Find all School-related info fast with the new School-Specific MBA Forum

 It is currently 19 Apr 2015, 11:08

### GMAT Club Daily Prep

#### Thank you for using the timer - this advanced tool can estimate your performance and suggest more practice questions. We have subscribed you to Daily Prep Questions via email.

Customized
for You

we will pick new questions that match your level based on your Timer History

Track

every week, we’ll send you an estimated GMAT score based on your performance

Practice
Pays

we will pick new questions that match your level based on your Timer History

# Events & Promotions

###### Events & Promotions in June
Open Detailed Calendar

# Challenge: Yin and Ying addendum

Author Message
TAGS:
GMAT Instructor
Joined: 07 Jul 2003
Posts: 770
Location: New York NY 10024
Schools: Haas, MFE; Anderson, MBA; USC, MSEE
Followers: 13

Kudos [?]: 50 [0], given: 0

Hi:

Someone solved Stolyar's original YIN-YAN problem too quickly so I decided to add a little twist to make it more "interesting."

In the attached diagram, the assumptions are the same as in Stolyar's problem (A, B, C are on diameter, center of circle is B, and all arcs are semicircles). Suppose angle YXA = 105 degrees. What is the ratio of the area of the shaded area region above the red line to the area of the shaded region below the red line? (Diagram is not drawn to scale and angles drawn are not accurate).

A) 3/4
B) 5/6
C) 1
D) 7/5
E) 9/7
Attachments

ying.jpg [ 11.69 KiB | Viewed 788 times ]

ying.jpg [ 11.69 KiB | Viewed 792 times ]

_________________

Best,

AkamaiBrah
Former Senior Instructor, Manhattan GMAT and VeritasPrep
Vice President, Midtown NYC Investment Bank, Structured Finance IT
MFE, Haas School of Business, UC Berkeley, Class of 2005
MBA, Anderson School of Management, UCLA, Class of 1993

CEO
Joined: 15 Aug 2003
Posts: 3469
Followers: 61

Kudos [?]: 701 [0], given: 781

AkamaiBrah wrote:
Hi:

Someone solved Stolyar's original YIN-YAN problem too quickly so I decided to add a little twist to make it more "interesting."

In the attached diagram, the assumptions are the same as in Stolyar's problem (A, B, C are on diameter, center of circle is B, and all arcs are semicircles). Suppose angle YXA = 105 degrees. What is the ratio of the area of the shaded area region above the red line to the area of the shaded region below the red line? (Diagram is not drawn to scale and angles drawn are not accurate).

A) 3/4
B) 5/6
C) 1
D) 7/5
E) 9/7

stolyar, what if the info YXA = 105 is not given.

can we still solve the problem.

I tried using the property that an angle inscribed in a semicircle is 90.

So i get AYC = 90 and AXC = 90 . Also ABC,BYC and XYB are

isosceles triangles.

I couldnt really go further , any ideas?

thanks
praetorian
SVP
Joined: 03 Feb 2003
Posts: 1609
Followers: 6

Kudos [?]: 75 [0], given: 0

I do not think so.
If an angle is not given, then point Y can slide anywhere around the circle, making parts of the shaded region change. We need to fix point Y somehow.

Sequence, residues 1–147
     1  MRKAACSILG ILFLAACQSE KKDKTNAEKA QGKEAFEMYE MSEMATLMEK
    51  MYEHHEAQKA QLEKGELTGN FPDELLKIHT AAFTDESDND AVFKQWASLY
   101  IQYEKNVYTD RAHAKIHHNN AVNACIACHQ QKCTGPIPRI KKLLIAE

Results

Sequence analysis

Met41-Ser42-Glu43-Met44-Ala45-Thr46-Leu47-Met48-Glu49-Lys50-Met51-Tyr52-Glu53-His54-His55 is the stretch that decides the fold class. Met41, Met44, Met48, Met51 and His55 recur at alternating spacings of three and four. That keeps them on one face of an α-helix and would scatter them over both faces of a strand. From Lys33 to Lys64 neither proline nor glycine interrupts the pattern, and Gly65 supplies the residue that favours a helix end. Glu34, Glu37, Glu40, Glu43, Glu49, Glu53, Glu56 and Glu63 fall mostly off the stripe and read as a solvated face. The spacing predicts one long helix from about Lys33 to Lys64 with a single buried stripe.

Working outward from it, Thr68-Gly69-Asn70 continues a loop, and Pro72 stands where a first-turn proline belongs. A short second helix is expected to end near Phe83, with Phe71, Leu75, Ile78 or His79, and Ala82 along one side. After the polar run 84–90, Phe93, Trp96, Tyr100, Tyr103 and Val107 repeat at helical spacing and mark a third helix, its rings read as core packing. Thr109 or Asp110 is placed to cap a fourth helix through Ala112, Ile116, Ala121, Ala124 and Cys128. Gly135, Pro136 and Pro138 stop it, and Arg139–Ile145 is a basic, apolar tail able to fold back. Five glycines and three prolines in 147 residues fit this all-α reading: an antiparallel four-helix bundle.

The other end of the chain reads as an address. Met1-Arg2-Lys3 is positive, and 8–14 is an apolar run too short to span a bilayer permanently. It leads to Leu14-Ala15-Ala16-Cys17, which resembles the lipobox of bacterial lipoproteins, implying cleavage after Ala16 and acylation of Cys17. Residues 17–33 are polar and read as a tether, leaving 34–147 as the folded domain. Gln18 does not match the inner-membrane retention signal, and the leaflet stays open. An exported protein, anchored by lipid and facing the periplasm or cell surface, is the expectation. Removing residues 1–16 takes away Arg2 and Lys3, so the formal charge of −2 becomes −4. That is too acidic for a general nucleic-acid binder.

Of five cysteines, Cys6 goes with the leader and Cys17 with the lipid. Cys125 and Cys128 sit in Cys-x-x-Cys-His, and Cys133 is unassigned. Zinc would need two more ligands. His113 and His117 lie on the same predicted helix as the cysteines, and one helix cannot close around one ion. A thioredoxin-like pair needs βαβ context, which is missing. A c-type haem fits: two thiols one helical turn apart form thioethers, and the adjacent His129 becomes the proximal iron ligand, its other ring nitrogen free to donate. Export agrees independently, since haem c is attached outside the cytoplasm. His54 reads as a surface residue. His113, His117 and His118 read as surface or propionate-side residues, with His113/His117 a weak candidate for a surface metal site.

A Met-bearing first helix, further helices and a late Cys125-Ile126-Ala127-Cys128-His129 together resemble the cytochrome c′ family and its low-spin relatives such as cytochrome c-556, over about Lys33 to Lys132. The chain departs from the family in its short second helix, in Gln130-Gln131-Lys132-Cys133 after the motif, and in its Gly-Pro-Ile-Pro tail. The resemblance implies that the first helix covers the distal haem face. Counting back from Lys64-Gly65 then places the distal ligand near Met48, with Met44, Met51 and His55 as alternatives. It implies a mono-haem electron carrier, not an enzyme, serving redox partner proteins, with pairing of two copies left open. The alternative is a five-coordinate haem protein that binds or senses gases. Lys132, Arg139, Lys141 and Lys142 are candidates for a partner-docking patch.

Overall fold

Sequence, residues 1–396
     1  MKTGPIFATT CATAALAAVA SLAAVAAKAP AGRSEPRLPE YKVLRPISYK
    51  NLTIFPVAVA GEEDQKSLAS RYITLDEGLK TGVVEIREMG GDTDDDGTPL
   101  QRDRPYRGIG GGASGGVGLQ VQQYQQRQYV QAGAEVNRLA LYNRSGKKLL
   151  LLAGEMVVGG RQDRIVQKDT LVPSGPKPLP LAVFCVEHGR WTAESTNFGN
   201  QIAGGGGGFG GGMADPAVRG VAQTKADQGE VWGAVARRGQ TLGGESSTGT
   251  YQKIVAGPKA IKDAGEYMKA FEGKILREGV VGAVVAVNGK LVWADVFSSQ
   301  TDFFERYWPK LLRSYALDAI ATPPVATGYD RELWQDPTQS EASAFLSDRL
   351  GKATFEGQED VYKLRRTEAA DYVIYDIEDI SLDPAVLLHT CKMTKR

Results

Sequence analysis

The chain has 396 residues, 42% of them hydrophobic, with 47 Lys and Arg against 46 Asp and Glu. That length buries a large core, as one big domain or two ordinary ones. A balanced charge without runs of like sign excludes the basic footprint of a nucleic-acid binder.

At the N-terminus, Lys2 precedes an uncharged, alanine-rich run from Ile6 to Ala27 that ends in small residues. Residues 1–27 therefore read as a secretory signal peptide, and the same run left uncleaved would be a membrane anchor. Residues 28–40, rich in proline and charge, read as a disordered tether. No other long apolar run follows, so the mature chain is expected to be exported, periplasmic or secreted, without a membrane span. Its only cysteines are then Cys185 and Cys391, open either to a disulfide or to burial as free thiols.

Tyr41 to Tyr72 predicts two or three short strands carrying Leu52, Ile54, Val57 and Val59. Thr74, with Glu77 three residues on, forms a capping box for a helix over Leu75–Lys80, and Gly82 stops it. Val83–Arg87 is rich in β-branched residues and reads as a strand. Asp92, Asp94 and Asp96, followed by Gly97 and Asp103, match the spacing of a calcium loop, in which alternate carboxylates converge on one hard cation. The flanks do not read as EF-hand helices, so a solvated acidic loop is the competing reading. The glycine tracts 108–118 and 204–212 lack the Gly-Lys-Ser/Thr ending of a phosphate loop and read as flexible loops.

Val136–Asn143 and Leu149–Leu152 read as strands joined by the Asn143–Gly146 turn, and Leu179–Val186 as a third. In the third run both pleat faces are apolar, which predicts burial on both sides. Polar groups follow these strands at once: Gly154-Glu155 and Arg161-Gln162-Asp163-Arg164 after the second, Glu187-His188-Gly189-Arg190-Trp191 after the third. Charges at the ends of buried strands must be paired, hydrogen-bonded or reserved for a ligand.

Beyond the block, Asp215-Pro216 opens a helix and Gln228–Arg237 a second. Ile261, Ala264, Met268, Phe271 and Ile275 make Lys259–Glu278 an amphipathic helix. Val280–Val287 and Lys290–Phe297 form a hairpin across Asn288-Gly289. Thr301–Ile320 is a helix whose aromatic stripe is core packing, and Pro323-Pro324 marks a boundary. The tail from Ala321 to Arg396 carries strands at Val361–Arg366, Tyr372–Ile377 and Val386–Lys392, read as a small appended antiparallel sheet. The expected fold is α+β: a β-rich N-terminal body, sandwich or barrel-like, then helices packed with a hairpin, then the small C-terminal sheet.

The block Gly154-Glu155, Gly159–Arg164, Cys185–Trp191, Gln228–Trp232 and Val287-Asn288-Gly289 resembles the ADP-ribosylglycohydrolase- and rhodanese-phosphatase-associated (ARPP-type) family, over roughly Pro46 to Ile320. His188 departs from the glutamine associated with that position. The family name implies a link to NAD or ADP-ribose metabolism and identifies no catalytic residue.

GMAT Instructor
Joined: 07 Jul 2003
Posts: 770
Location: New York NY 10024
Schools: Haas, MFE; Anderson, MBA; USC, MSEE
Followers: 13

Kudos [?]: 50 [0], given: 0

stolyar wrote:
I do not think so.
If an angle is not given, then point Y can slide anywhere around the circle, making parts of the shaded region change. We need to fix point Y somehow.

Stolyar was able to solve this very nicely, but I deleted his post so that everyone else would have a chance to solve it.

P.S.: Stolyar -- everyone knows you are a whiz. Since you are a moderator, please give everyone a chance to solve before solving! (you can always message your solution to me privately and I will let you know how you did and give you credit if you get it right).
_________________

Best,

AkamaiBrah
Former Senior Instructor, Manhattan GMAT and VeritasPrep
Vice President, Midtown NYC Investment Bank, Structured Finance IT
MFE, Haas School of Business, UC Berkeley, Class of 2005
MBA, Anderson School of Management, UCLA, Class of 1993

Intern
Joined: 04 Jun 2003
Posts: 17
Followers: 0

Kudos [?]: 0 [0], given: 0

If angle axy=105 then sector acy=210. obviously sector ac=180 right. Thus, sector yc=30 (210-180). Sector yc is enclosed by the central angle ybc, making angle ycb=30 degrees. 30/360 = 1/12. so the area of that portion is pi/12.

the area of the semi circle is .5*(.5)^2*pi or pi/8

so the area below the red line is pi/12 + pi/8 = 5pi/24

the area of the shaded region is pi/2 (see original ying yang problem).

thus the area above the red line is pi/2 -pi/12 - pi/8 = 7pi/24

the ratio requested in the problem is (7pi/24)/(5pi/24) = 7/5

Great problems akamai. If the teachers at that math work shop are half as good as you then i'm sure i would have gotten my money's worth, too bad they're filled up.
Keep em coming
Intern
Joined: 21 Jul 2003
Posts: 42
Location: India
Followers: 1

Kudos [?]: 0 [0], given: 0

how is sector acy = 210?
Intern
Joined: 04 Jun 2003
Posts: 17
Followers: 0

Kudos [?]: 0 [0], given: 0

Soumala wrote:
how is sector acy = 210?

the problem states that axy = 105. For any non-central angle in a circle the sector enclosed by that angle is always twice that angle. For a central angle the sector is the same as the angle. For example if xby = 80 then sector xy would also equal 80.
Intern
Joined: 21 Jul 2003
Posts: 42
Location: India
Followers: 1

Kudos [?]: 0 [0], given: 0

Thanks for the explanation Sandoval.Looks like I need to brush up my fundamentals.
Similar topics Replies Last post
Similar
Topics:
The Challenge 3 14 Jan 2014, 07:52
1 Addendum to improve GOALS in application? 2 20 Mar 2011, 02:49
Challenges 2 18 Jun 2007, 17:23
challenges 0 02 Feb 2007, 21:29
Challenges! 2 07 Nov 2005, 20:43
Display posts from previous: Sort by